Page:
I am Brown. Half-and-Half as I like to say: Mom is White, my Father is… well, his own ethnic mixtures. Even though I am on the lighter side of the spectrum, I inherited his afro hair though. You know, the Michael Jackson when he was a little kiddo kind of hair. Fluffy and big and more than curly. Afro hair. Yuck.
People seem to have a hard time putting me in geographical ethnicity (it can be funny where they think I am from. Well, just so you know I am 100% French). My hair is afro, but like for “regular” hair, different types of afro hair exist. Mine is curly, fine and not that “dense”. For a very long time (about 28 years, actually), I had absolutely no clue on how to care for my hair. I was just not surrounded by any people with the same hair type I did, youtube and the internet were not available for me as a kid, and until I turned 13/14. My hair was a hot mess, I tried everything.
Until I was about 10, my Mom refused vehemently to let me straighten my hair. We were living in Brittany, that western Celtic part of France. Let me be honest: the population of people of colour was reaaaaaally low; no hairdresser was comfortable in even cutting my hair. Trust me, it sucked big time. The only moments my Mom and I were battling each other were when she needed to brush my hair (just so you know, you are not supposed to brush afro hair, but to comb them).
Seeing all the Black stars and singers wearing such beautiful hairstyles, wondering how come they could be so pretty when I was just lame. I learned that 1) Most of the time, they are wearing a weave (so it is NOT their own hair) 2) They have hairdressers doing the work for them. It is like they are lying b*****s…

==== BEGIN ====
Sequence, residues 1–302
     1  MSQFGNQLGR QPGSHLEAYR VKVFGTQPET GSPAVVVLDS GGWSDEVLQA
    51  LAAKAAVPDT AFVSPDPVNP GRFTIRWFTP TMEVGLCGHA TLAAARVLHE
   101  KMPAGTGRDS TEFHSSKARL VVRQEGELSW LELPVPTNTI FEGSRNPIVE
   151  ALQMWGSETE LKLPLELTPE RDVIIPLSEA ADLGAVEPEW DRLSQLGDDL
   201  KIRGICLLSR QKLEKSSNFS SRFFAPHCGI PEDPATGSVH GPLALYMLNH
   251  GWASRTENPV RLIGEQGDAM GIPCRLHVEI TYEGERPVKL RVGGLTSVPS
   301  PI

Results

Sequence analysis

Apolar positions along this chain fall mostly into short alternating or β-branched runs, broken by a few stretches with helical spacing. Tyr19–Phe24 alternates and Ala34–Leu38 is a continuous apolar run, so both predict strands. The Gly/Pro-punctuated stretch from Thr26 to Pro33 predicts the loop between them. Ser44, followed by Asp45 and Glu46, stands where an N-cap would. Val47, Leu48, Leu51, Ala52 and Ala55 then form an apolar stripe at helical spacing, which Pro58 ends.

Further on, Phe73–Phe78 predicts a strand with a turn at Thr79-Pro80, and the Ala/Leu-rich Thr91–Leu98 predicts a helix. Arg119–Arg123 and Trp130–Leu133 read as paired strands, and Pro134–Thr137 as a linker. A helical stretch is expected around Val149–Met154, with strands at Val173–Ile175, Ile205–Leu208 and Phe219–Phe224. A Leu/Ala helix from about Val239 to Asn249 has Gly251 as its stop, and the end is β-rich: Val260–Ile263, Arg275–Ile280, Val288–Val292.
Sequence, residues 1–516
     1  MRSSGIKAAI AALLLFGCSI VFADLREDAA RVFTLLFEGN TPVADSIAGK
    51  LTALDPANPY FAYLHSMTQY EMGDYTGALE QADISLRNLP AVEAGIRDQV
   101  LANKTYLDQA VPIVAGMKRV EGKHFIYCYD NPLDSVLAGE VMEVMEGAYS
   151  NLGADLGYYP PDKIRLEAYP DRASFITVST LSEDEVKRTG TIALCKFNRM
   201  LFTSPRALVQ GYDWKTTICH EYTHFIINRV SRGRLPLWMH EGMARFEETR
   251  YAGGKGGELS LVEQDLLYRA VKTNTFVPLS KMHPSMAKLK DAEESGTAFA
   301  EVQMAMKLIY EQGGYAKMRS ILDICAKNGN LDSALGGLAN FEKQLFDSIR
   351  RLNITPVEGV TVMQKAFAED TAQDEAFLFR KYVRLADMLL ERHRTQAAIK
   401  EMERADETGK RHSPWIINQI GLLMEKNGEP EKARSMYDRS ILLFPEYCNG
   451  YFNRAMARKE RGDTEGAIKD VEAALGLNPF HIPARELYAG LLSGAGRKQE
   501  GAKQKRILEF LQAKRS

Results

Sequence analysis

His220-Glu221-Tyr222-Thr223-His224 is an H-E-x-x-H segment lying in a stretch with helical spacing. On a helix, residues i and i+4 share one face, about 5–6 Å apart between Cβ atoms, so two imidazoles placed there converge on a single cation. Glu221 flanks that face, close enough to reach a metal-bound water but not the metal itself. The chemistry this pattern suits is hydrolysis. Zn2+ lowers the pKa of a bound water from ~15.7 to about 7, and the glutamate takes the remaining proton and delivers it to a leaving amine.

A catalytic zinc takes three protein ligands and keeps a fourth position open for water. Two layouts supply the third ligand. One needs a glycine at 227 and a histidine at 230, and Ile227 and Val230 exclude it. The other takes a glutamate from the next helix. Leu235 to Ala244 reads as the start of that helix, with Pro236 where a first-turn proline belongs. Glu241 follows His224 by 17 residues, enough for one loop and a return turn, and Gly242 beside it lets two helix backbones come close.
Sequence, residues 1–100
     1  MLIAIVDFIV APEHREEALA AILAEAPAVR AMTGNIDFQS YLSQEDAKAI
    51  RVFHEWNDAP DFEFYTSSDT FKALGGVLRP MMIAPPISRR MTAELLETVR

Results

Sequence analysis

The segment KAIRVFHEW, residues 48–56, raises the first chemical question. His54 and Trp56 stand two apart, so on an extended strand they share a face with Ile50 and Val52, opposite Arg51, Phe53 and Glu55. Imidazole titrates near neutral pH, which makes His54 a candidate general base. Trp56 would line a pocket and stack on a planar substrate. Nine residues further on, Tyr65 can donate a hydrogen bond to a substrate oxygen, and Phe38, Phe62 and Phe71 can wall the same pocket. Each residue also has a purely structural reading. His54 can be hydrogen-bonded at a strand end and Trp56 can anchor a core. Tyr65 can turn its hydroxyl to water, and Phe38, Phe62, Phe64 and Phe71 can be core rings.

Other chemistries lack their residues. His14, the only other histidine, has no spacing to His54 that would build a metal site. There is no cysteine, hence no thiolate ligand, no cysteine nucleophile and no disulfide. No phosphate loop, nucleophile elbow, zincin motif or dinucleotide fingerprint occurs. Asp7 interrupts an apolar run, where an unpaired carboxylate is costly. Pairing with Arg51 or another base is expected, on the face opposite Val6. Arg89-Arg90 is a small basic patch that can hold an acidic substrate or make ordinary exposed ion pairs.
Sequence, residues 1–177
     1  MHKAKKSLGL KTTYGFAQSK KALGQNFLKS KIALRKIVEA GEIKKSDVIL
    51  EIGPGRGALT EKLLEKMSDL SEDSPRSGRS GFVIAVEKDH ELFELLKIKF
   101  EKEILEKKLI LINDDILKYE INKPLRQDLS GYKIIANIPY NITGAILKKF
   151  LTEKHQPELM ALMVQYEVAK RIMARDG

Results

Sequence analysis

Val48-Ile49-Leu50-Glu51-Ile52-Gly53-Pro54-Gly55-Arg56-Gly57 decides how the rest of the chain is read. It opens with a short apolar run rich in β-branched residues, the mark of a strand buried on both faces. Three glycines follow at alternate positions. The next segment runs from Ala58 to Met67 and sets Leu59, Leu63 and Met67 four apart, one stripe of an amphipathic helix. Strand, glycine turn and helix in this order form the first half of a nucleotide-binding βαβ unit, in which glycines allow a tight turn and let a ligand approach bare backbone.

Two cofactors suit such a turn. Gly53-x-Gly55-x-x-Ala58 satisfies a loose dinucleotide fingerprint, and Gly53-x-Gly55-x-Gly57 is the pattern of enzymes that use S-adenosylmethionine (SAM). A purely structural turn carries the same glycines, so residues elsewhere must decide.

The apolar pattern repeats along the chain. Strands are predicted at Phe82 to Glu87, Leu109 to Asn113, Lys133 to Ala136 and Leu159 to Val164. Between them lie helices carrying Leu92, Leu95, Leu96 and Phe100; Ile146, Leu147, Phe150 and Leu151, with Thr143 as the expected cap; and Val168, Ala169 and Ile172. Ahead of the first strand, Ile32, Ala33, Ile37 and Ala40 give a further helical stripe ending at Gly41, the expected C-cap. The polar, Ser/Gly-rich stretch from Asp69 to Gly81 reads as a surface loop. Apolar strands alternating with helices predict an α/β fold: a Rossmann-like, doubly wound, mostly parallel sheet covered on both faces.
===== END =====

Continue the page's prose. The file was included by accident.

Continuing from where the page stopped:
When we moved to Canada, I wanted a drastic change and cut all my hair very short. It was a liberating act. Since I never straightened them chemically again and go for the natural look. Failed attempts at colours leave me with orange-ish hair here and there but that’s okay.
Do not let your appearance define who you are.
It’s okay to change what you do not like about yourself. Whatever it is: your hair, your belly, your breasts… if it makes you happier to change this, just go for it. Do not let anyone tell you otherwise because you deserve to love the body you came in.
I often wish my hair were different. Not necessarily straight but… lighter, That they would be easier to dye so I could express my personality this way.
I am not my hair. And my hair is not me. Learning to care for and appreciate them so late in life is hard but nothing is lost. I will soon make an appointment to be seen by a curl specialist, to be helped further.
What is your favourite afro hairdo?